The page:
The A’s and the cliff. Parent-A is terrified of Child-A falling into the abyss.
When Child-A was little and learning to walk, he was completely focused on simply putting one foot in front of the other. He was fascinated and absorbed by this new and challenging task. Parent-A could effortlessly spin Child-A around by always holding both hands and redirecting him away from the direction of the cliff. Child-A wouldn’t even notice the guidance because of his absorption. If Child-A would misstep and begin to fall, Parent-A would already have both hands in hers and could hold him up to keep his knees from scraping the ground. “Wew! That was a close one,” she lovingly laughed, helped him rebalance, and they both enjoyed the excitement of the moment. There was true and beautiful bonding occurring. Truly beautiful moments.
Once Child-A didn’t have to try so hard to simply put one foot in front of the other, he began to explore more.
He noticed when he walked in a certain direction, Parent-A would stop him. At first, this was just slightly disturbing… but he grew more and more frustrated.
He got older. He got stronger. He got more frustrated. Eventually, he engaged her fully.
Parent-A is positioned between Child-A and the cliff. She began screaming, “stop trying to walk this way!! There’s a cliff behind me!!” She has her hands on Child-A’s upper chest and is now pushing him as hard as she can, digging her feet into the earth and passionately trying to keep him from getting closer to the cliff. When Child-A was younger, she could stop him without using all of her might. It’s harder now. Child-A is equally passionate. Child-A, with all of his might, pushes back at Parent-A, “get out of my way!! Let me be myself!!! There’s no cliff!!! You’re just trying to run my life!!!” Child-A digs his toes in and is pushing as hard as he can. Child-A is able to gain ground, inch by inch, towards the edge of the cliff. He’s able to push Parent-A backwards. “Can’t you see the cliff behind me!?! I care for you and I don’t want you to get hurt!! You need to stop going in this direction!!” Parent-A pleads with all the love in the world. Child-A continues to push towards the cliff. “I am so sick you of you trying to control me!!! I will get past you!!!” He can’t see the cliff. All he sees is Parent-A and her attempts at obstructing his path. All he feels is her efforts to take away his options. “Get off of me!!! Leave me alone!!!” He grows and grows, becoming stronger and stronger. He wants to be free. He wants to have his own life. He continues pushing, trying harder and harder. They get to the edge. Parent-A stops pushing and frantically clings to the shirt of Child-A because her heels are now on the edge of the cliff and she’s leaning backwards, about to fall off.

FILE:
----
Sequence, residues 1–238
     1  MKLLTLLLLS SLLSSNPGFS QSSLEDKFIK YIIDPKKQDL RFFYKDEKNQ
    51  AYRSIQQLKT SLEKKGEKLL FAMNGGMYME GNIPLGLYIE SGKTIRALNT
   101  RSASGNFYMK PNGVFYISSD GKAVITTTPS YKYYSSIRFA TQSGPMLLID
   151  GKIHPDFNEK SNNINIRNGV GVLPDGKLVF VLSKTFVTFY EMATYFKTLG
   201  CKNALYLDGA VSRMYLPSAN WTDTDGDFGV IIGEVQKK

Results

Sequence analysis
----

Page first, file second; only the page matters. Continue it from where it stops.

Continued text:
Her grip on Child-A is the only thing keeping her from falling backwards.
“You…. will… not…. control… my….. life!!!!! I am my own person!!!! I will do what I want!!!!” Child-A screams and, with one last shove, takes them both over the edge.
The B’s and the cliff. Parent-B is terrified of Child-B falling into the abyss.
When Child-B was first learning how to walk and couldn’t coordinate his vision and his steps, Parent-B would hold his hand and guide him and steer him in different directions from the cliff. Child-B wouldn’t even notice the guidance. As Child-B grew, Parent-B would gradually let go of his hand and give him opportunities to balance himself. Occasionally, Child-B would trip over a rough patch of dirt and he would fall, sometimes hurting his hands and knees very badly. Hurt, he would look to Parent-B. Hurting deeply with Child-B, she says, “I’m so sorry that happened. Please try and watch carefully where you’re stepping. Sometimes there are rough patches in the dirt. I care for you and I don’t want you to get hurt.” Child-B begins focusing on the dirt and eventually masters walking over the rough patches. When he doesn’t need to focus on his steps so much, he looks outward and begins to explore. He sees the cliff. “What is that!?” he asks, in awe of its vastness. “That’s the cliff,” Parent-B answered. “People who go over the edge never come back,” she said. Child-B gazed at it for a moment, took a deep breath, and fully felt its vastness. Child-B never ventured too close to the eternal danger.
The C’s and the cliff. Parent-C is terrified of Child-C falling into the abyss.
Once Child-C has mastered his steps and has developed a good vision, he asks, “what’s that out there?” Parent-C says, “that’s the cliff. People who go over the edge never come back.” Walking freely and masterfully, Child-C strolls to the edge. He looks over. He’s intrigued. It is vast and amazing. Matter of factly, he says, “I bet there’s something good down there.” He jumps off.